I live in Millbrae, California, a small suburb about 10 miles south of San Francisco. It’s got a nice shopping area in easy walking distance from my house. Every now and then, I will walk past some random item that has been abandoned on the sidewalk. After I walk by, I always think, “I should take a picture of that.” Last night, I finally did because this piece was truly random.

Now, when I die, Now don't think I'm a nut, Don't want no fancy funeral, Just one like ol' King Tut.

This unlucky pharaoh was left on the bench outside the Kohl’s that closed about a year ago. He’s had a rough time of it, but whoever abandoned him thoughtfully placed him face up and left a portion of his broken beard beside him.

It’s such a “Wait. What?” moment when you pass by something like this. There’s no store nearby that sells such items, so it had to be carried there, but why? Plot bunnies hop around items like this, wanting to take you down the rabbit holes of possibilities.

Is Broken Pharaoh’s appearance on a suburban mall bench mysterious or mundane? The great thing about random items is, it’s all up to you.

Past is Present

We all have some claim to fame, often in the form of a distant relative of some distinction. Mine is Homer Laughlin. He’s my great-granduncle (or something like that) and founder of Homer Laughlin China, the company that produces Fiestaware.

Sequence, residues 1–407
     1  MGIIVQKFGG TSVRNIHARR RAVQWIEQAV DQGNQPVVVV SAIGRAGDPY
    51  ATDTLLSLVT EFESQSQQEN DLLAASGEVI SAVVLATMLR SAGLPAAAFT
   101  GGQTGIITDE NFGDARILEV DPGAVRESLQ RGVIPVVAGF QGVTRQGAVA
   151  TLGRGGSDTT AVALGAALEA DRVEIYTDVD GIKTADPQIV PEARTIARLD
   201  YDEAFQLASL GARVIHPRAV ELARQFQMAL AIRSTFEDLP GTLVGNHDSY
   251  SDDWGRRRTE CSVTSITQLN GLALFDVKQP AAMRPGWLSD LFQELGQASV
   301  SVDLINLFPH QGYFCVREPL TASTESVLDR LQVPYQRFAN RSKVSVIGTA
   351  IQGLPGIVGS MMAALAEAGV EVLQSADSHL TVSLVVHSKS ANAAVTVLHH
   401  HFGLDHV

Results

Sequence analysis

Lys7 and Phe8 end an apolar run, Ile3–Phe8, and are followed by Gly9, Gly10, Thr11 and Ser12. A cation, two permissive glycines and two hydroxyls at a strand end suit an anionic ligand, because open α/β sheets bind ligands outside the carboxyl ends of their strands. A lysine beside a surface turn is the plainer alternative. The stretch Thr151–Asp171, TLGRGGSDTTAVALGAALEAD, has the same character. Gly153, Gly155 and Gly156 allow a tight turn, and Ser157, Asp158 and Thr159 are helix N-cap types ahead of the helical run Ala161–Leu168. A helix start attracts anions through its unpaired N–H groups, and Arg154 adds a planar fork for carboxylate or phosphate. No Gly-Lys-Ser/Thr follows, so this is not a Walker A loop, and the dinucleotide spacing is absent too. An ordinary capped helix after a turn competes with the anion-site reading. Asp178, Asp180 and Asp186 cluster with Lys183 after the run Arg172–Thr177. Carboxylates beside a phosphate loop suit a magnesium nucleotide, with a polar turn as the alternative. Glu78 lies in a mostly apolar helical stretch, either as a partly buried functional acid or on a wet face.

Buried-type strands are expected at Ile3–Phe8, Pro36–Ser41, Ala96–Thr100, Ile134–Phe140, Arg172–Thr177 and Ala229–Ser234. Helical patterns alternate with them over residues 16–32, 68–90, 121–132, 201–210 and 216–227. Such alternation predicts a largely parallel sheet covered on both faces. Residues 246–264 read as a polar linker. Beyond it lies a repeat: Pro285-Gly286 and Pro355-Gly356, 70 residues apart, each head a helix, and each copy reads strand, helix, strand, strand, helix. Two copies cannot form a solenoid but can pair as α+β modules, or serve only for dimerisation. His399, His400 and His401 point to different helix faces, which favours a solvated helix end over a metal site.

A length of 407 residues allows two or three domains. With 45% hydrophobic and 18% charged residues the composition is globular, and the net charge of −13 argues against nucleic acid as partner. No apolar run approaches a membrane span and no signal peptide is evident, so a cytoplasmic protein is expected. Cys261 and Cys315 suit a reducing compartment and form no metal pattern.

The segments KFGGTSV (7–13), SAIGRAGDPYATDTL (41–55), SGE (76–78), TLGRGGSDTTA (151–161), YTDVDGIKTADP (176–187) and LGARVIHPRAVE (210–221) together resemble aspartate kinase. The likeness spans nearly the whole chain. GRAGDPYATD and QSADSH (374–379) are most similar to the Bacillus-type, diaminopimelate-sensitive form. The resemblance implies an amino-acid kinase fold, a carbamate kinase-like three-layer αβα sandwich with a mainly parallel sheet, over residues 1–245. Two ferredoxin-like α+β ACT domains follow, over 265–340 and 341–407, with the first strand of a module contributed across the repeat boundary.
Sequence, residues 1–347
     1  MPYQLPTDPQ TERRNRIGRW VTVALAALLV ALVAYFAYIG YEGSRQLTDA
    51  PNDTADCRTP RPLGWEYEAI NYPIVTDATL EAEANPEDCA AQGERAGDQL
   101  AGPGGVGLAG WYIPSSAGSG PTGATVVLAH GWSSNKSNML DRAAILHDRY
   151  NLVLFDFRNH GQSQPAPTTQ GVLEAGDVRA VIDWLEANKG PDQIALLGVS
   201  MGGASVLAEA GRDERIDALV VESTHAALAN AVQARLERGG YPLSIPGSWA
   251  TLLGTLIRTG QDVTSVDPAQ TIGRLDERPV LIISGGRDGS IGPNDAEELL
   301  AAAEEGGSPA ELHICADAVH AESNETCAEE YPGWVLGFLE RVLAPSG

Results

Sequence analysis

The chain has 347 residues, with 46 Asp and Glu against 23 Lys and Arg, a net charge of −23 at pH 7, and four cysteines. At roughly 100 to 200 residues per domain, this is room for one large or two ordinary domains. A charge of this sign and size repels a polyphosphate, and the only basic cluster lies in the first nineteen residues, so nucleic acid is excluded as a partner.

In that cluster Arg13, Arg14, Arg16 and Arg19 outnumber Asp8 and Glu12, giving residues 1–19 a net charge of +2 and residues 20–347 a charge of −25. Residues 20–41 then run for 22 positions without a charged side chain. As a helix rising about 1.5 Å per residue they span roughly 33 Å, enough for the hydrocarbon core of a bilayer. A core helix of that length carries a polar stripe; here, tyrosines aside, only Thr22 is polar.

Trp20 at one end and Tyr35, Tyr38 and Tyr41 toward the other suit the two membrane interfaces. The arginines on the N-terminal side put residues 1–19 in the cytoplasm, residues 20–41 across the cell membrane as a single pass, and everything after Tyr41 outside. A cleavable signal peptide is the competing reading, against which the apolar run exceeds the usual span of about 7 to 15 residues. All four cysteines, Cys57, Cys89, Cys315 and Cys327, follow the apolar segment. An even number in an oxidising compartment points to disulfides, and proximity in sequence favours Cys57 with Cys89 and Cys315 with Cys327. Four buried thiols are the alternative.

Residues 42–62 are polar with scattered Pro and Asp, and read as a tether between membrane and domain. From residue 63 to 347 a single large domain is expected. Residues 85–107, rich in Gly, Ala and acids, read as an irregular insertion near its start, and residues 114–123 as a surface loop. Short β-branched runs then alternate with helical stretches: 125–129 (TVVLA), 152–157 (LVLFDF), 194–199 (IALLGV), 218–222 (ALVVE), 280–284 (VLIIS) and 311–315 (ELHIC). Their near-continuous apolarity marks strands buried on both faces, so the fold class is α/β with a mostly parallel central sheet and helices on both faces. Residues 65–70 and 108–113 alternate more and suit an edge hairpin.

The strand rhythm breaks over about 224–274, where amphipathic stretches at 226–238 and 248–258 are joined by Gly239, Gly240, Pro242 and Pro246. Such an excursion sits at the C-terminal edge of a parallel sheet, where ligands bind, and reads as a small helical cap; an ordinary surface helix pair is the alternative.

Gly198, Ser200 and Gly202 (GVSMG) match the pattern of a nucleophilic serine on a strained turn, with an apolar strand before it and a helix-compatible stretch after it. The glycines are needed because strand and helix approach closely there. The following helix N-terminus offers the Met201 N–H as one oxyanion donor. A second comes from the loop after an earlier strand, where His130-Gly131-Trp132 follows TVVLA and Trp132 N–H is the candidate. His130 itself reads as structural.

Homer Laughlin - ancestral potter

Homer Laughlin – ancestral potter

Yes, Fiestaware. That is my claim to fame. Hey, it’s all I got!

On the other hand, my husband, Khanh, has an ancestor of great distinction. He is a direct descendent of Nguyễn Văn Tường, a powerful mandarin who ruled as the regent of Vietnam during the mid-nineteenth century.

Nguyễn Văn Tường - actually made history.

Nguyễn Văn Tường – actually made history.

He is a controversial figure, comparable to Richard III of England. Some see him as a king slayer and a traitor, selling out the country to French colonialists. Others see him as a hero and the man who tried to stop the French from colonizing Vietnam. History, of course, is written by the winners and much of what information is available in English about Nguyễn Văn Tường favors the French version of events.

Khanh’s family denies most of the allegations made against Nguyễn Văn Tường. My father-in-law did extensive research and authored a scholarly biography of his ancestor’s life that ultimately dispels many of the accusations made against him.

Family altar of Nguyễn Văn Tường.

Family altar of Nguyễn Văn Tường.

Every two years, the descendants of Nguyễn Văn Tường gather to honor his memory. Khanh and I attended the ceremony this year. The past was indeed present as the family showed pride and reverence toward their maligned and vindicated ancestor. It was an honor to be there.